Washington - Breaking ranks with most Jewish organizations, several dovish pro-Israel groups have come out against Israel’s military operation in Gaza and called on the United States to push for an immediate cease-fire.
The calls for Israel to hold its fire were in striking contrast to the otherwise solid support in the Jewish community for the Israeli attack. Jewish groups have also arranged for media briefings and pro-Israel rallies in support of the Gaza attack.
The groups to the left — Americans for Peace Now, J Street, Israel Policy Forum and Brit Tzedek v’Shalom — went to great lengths to stress their understanding of Israel’s power to take action against rocket firings on Israeli civilians by Hamas and other groups from Gaza. They called on Hamas to stop the launchings unconditionally. Still, they decided to voice concerns over Israel’s decision to launch a wide-scale military operation.
“This is the moment in which you need to stand up and say what you believe,” said Jeremy Ben-Ami, executive director of J Street. “We sat silent and quiet for too long in this country.” Ben-Ami pointed to the vibrant debate being waged in the Israeli press about the length and breadth of the military operation.
A statement issued by the group said that the Israeli attacks “deepened the cycle of violence” and that “only diplomacy and negotiations can end the rockets and terror and bring Israel long-term security and peace.”
J Street is the newest player in the dovish pro-Israel scene, and according to Jewish communal officials, it has managed to stir more activity and a sense of competition among other left-leaning Jewish organizations.
Americans for Peace Now, one of the older groups active in promoting a two-state solution, issued a more cautious statement. It stressed the need for America’s immediate involvement in restoring the cease-fire — a role that the Bush administration has thus far declined. Steering clear from directly criticizing the Israeli military operation, APN instead cited the call by its Israeli sister organization, Peace Now, for an end to the military operation. The group’s president and CEO, Debra DeLee, issued a statement saying, “Any real resolution to this crisis will require Israel and Hamas to engage, directly or indirectly, to achieve a cease-fire and to further engage in a post-cease-fire political process.”
APN spokesman Ori Nir said that during the Lebanon War in 2006, and in several other instances, the group was “skeptical about the viability and the value of military action.” Still, he stressed that APN “does not second-guess Israel’s judgment.” Nir noted that his group has been calling for a negotiated cease-fire ever since the Hamas takeover of Gaza in June 2007.
The Israel Policy Forum called on the Bush administration to act immediately to reach a cease-fire. “The cycle of violence,” said Nick Bunzl, IPF’s executive director, “runs counter to Israel’s long-term security.” Brit Tzedek v’Shalom, a grass-roots pro-peace movement, issued a statement warning of the possible negative consequences of the military operation. “We can already anticipate that this incursion will be yet another failed attempt to resolve this fundamentally political conflict by military means.”
The dovish groups’ ability to be heard in the corridors of power received a boost recently when the groups were invited along with other, more established Jewish organizations to meet with the transition team of President-elect Barack Obama.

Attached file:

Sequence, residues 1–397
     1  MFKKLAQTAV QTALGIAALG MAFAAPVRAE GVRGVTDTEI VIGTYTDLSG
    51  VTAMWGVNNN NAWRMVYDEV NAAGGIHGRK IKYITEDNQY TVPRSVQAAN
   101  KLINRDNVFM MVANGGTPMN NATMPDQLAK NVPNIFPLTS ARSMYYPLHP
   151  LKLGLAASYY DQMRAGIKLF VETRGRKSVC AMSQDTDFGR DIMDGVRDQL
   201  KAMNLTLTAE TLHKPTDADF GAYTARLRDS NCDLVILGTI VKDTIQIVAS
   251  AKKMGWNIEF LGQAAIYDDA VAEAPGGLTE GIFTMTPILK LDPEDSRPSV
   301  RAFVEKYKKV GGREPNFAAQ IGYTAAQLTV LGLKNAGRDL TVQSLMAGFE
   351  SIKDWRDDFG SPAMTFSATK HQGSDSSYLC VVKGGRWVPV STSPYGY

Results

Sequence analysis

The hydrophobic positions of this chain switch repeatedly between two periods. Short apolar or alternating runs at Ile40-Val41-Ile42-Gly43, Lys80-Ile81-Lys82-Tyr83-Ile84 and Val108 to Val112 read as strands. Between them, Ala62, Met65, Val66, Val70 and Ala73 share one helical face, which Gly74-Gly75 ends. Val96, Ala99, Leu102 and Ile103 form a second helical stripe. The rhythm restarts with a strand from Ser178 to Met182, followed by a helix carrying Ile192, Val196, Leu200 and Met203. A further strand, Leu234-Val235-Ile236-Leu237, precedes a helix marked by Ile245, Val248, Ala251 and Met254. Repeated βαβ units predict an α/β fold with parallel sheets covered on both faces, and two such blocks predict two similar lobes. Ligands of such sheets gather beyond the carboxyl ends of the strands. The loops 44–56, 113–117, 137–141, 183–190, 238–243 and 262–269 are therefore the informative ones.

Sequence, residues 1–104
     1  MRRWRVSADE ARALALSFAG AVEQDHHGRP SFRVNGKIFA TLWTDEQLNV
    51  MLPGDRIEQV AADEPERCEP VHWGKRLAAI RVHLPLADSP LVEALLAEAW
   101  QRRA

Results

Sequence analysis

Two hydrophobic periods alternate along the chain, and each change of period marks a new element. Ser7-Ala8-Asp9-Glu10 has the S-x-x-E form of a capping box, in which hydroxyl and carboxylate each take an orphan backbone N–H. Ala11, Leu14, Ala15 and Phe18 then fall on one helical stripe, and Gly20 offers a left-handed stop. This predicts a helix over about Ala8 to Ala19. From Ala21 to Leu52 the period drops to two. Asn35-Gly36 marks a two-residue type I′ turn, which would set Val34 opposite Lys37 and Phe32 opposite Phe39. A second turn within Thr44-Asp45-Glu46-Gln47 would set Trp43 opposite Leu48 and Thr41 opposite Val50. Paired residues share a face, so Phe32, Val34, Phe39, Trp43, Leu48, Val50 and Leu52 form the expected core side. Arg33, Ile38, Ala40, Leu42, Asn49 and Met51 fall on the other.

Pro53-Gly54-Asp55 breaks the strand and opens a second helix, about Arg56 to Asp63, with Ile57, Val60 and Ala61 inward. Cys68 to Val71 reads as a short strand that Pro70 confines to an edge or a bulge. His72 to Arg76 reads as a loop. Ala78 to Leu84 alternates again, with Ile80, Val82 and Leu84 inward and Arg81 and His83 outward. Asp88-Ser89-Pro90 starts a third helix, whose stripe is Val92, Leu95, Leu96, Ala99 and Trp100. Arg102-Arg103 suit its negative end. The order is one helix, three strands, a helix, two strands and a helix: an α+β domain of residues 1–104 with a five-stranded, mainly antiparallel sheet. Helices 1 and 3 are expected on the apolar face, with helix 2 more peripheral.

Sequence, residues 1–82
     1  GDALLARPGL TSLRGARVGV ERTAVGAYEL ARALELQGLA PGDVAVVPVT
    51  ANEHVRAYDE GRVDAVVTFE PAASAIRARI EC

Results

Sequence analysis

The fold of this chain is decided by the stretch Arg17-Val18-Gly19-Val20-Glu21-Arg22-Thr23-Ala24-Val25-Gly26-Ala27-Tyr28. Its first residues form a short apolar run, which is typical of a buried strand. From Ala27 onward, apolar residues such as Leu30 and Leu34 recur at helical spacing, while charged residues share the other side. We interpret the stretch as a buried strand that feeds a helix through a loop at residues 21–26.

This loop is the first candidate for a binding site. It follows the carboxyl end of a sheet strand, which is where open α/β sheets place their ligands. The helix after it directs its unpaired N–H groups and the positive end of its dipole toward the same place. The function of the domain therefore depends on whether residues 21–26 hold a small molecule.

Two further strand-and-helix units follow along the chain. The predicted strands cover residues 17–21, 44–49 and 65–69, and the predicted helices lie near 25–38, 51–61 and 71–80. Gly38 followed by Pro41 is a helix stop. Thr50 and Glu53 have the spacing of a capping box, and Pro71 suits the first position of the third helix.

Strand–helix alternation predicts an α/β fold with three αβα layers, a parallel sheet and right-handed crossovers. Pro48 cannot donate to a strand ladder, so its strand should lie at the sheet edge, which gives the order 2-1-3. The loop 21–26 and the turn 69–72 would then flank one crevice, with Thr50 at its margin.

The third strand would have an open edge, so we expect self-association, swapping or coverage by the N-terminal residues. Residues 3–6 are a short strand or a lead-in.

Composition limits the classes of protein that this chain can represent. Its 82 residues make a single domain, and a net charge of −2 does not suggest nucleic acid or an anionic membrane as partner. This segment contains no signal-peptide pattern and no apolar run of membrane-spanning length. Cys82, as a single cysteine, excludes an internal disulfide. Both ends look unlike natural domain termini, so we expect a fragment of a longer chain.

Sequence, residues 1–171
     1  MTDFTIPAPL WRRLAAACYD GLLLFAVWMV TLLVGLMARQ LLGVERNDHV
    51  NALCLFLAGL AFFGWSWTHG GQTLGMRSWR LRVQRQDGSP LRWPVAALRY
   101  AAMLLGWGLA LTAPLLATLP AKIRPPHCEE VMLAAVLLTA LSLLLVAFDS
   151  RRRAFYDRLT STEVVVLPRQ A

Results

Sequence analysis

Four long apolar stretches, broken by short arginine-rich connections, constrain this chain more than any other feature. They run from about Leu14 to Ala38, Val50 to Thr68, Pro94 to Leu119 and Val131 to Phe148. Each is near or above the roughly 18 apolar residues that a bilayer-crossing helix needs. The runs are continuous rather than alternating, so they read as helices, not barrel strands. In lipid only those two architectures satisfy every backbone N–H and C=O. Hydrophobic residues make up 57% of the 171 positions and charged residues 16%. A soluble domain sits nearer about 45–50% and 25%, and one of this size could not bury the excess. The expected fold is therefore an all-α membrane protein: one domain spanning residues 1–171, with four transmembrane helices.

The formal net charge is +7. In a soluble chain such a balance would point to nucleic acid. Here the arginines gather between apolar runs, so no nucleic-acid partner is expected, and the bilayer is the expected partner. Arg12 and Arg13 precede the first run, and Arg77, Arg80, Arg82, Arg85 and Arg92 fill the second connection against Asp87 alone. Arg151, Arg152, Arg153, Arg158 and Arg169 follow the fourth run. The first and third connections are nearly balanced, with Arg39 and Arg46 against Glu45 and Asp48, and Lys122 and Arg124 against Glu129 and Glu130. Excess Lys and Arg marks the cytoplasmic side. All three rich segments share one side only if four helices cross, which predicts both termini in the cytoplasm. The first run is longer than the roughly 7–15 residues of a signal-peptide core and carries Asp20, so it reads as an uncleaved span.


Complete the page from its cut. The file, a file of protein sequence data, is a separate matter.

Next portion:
But for most of that Jewish establishment, solidarity with Israel and support for its actions at a time of war remained the only course of action.
The Conference of Presidents of Major American Jewish Organizations, which was set up as the organized Jewish community’s consensus voice on foreign policy, issued a statement backing the Israeli government’s decision to take military action. Similar statements came from the Jewish Council for Public Affairs and from most national Jewish groups.
In an open letter to the president, the American Jewish Committee thanked Bush for his support for Israel’s actions, adding that the group “will forever be grateful.”
David Harris, executive director of the AJCommittee, told the Forward that he believes the Jewish community should show its support for Israel while the fighting is ongoing. “I think people should be cautious, especially at a time of war, but I’ve learned to understand that the Jewish world is the Jewish world,” Harris said, “and even when it is clear to people like me where our support should be, unfortunately this is not the reality for all.”
The American Israel Public Affairs Committee, the pro-Israel lobbying group, directed its support of Israel’s Gaza campaign not only at the administration, but also at Congress. “We applaud the bipartisan coalition of American leaders who have stood up in support of Israel’s right to defend its citizens, a clear sign of the strong ties between the United States and Israel,” said David Victor, Aipac’s president.
Leading members of Congress, including House Speaker Nancy Pelosi and Senate Majority Leader Harry Reid, expressed unconditional support for Israel’s military operation — an indication of the dovish groups’ still minor influence on Capitol Hill. Congress’s broad backing for Israel’s tough measures also serves as a signal to the incoming Obama administration that it will be facing the same constraints as previous administrations have when it comes to Middle East policy.
Ben-Ami hopes that the online petition his group has put out, calling for an end to the Israeli operation in Gaza, will send the opposite message to members of Congress and to the new administration. “We want to show them they have more space to think about how to move forward in the Middle East,” he said.